Speech made by the Prime Minister of New Zealand, John Key.
Thank you all for being here to witness the official opening of this park as a place of commemoration and remembrance for the whole nation.
This opening comes as we are focussed on the 100th commemorations of the First World War.
Following the ending of the opening ceremony. Additional images are available on our flickr page.
That war had a deep and abiding impact on New Zealand and New Zealanders. In our small nation, almost every family was affected by it.
It is hard to describe the scale of mourning in the decade that followed the end of the war. People wanted to ensure that the sacrifice of their family members and fellow citizens would never be forgotten.
This desire to remember led to more than 500 local war memorials being erected in communities around the country.
In 1919 the Government agreed to build a National War Memorial here in Wellington.
It was to be placed so it would be visible from any part of the city, from ships entering the harbour, and from Parliament so that future governments would never forget the sacrifice that had been made.
The Carillon was completed and opened in 1932 in front of a crowd of more than 50,000 people. The Hall of Memories was added 32 years later. More recently, in 2004, we saw the return of New Zealand’s Unknown Warrior.
Today, with the opening of Pukeahu National War Memorial Park, we add another dimension and a place for New Zealanders to come together on ceremonial occasions.
Standing here today, I feel proud of the decision to make Pukeahu a reality.
New Zealanders can come here to reflect on our history of involvement in conflicts and the role that has played in shaping our national identity.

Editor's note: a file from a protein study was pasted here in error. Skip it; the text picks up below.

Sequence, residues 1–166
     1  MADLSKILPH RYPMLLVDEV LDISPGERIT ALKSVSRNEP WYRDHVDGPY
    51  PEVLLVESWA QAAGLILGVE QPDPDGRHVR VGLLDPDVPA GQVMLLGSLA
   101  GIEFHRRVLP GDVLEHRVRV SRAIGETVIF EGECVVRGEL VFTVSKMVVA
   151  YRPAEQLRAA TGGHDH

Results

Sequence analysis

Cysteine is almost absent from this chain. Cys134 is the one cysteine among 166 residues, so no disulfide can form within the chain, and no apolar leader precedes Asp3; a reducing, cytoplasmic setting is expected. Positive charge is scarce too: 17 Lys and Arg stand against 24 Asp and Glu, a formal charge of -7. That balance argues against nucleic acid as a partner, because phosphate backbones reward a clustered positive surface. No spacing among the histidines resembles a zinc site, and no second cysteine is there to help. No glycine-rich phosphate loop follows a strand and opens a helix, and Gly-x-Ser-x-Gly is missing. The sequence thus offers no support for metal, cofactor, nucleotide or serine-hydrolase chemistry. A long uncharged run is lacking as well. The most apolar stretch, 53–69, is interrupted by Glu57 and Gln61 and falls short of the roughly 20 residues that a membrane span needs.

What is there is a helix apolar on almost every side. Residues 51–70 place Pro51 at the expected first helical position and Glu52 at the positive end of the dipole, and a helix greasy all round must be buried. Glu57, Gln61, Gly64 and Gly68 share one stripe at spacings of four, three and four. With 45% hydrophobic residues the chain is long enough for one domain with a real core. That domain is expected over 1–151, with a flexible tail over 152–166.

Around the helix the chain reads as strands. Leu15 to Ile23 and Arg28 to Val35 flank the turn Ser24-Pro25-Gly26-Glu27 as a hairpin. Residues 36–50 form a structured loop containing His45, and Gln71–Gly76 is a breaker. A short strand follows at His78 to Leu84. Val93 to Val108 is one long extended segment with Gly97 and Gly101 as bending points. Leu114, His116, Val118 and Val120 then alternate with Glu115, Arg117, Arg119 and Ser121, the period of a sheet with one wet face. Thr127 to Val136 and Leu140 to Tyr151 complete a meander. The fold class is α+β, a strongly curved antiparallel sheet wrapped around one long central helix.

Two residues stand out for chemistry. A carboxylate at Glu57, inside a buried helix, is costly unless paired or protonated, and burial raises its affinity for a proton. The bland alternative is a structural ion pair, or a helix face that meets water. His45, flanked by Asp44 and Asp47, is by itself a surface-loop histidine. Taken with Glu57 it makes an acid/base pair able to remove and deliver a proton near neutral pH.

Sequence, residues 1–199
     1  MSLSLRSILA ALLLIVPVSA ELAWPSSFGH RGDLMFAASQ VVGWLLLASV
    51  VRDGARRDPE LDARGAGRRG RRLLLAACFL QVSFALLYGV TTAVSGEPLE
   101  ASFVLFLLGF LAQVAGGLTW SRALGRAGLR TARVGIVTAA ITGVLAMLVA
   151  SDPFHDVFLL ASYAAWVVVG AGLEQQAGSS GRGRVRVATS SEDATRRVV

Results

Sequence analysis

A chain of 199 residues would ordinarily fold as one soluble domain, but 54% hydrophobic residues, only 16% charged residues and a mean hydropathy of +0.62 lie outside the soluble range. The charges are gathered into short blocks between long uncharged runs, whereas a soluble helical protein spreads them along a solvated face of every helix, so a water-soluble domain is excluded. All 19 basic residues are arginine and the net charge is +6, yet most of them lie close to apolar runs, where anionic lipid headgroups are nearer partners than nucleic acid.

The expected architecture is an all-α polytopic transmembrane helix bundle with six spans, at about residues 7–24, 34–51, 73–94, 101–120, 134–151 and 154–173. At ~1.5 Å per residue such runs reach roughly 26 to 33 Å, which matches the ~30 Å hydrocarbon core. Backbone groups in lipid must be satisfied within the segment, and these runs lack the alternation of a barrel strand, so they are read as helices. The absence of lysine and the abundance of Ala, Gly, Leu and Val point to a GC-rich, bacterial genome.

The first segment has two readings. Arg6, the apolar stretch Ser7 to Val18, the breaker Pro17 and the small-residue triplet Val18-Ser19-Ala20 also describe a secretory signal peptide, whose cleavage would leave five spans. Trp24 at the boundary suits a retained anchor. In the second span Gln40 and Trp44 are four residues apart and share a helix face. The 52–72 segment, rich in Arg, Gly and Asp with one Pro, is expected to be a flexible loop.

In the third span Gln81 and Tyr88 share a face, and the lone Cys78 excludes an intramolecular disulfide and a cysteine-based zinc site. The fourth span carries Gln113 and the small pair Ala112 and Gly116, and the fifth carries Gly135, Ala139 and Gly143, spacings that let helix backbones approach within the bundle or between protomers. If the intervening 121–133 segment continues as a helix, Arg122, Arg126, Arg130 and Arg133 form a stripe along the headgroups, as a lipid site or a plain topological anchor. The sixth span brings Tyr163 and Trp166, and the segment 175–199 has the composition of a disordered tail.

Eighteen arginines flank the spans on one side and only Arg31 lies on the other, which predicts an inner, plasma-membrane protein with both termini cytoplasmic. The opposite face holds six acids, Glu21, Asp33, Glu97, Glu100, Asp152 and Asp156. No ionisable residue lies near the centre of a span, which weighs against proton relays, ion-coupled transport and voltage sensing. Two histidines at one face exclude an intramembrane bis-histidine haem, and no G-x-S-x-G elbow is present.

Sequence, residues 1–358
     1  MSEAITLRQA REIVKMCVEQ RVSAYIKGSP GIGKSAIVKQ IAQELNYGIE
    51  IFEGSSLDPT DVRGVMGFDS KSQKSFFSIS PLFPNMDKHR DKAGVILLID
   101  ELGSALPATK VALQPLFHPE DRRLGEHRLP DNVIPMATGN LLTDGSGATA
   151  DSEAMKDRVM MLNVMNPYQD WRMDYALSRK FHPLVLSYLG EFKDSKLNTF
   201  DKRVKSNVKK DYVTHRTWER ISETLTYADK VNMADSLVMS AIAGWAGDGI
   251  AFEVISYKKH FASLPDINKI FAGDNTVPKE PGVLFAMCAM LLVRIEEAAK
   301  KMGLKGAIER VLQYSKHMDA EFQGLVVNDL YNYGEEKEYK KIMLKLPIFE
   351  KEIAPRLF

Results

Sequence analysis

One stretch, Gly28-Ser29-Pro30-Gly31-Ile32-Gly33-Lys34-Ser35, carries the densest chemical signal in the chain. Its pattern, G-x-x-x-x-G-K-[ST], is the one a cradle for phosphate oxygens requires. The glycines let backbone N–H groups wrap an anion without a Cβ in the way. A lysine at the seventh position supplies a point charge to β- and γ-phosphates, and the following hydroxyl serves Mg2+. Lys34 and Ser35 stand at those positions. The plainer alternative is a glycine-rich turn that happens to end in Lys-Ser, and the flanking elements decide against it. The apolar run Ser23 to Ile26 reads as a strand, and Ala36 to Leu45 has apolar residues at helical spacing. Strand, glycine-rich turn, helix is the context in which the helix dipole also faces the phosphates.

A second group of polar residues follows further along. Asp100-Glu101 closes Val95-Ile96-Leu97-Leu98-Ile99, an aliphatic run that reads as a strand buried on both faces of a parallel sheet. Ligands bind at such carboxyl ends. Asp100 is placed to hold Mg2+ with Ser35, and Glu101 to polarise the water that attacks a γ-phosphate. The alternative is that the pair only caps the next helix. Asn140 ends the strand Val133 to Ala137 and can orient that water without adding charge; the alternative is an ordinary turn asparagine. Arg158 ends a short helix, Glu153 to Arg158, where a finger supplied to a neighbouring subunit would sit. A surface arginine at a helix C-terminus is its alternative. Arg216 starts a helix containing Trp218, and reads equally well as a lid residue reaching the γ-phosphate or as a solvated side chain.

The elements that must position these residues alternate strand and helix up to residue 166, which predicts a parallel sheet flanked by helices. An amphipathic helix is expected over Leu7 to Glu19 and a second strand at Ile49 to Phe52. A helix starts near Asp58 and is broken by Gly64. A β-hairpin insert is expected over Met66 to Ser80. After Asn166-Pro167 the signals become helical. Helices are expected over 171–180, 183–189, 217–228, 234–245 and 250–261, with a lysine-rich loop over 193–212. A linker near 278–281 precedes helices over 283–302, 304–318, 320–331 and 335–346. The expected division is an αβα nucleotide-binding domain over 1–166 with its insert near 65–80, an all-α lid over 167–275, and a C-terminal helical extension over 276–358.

They can come here also to honour the hundreds of thousands of New Zealand men and women who have served their country in war and in peace-keeping, those who continue to serve, and the 30,000 who have died in service.
This is also a place where we can acknowledge our important international relationships. The Australian Memorial will be dedicated in two days’ time, the first of several memorials which will pay tribute to our relationships with other nations.
The commitment and dedication that has gone into creating this space reflects how strongly everyone involved wanted to ensure that the National War Memorial finally had the setting it deserved.
I am one of those people.
Creating this park has involved a long period of careful planning and two-and-a-half years of construction – all of which required the co-operation and strong partnerships of a huge number of organisations and groups. I thank them all.
I would like to acknowledge those Parliamentary colleagues, on both sides of the House, who have supported this project from the beginning.
I also acknowledge Wellington City Council for its significant contribution, including financial support.
In keeping with the original vision, we have created a place imbued with deep significance, which will be meaningful to New Zealanders for many generations to come.
I invite New Zealanders to use the park, and to reflect.
Pukeahu National War Memorial Park will help us honour the pledge that we regularly renew: Lest We Forget.
Updated on 23rd July 2015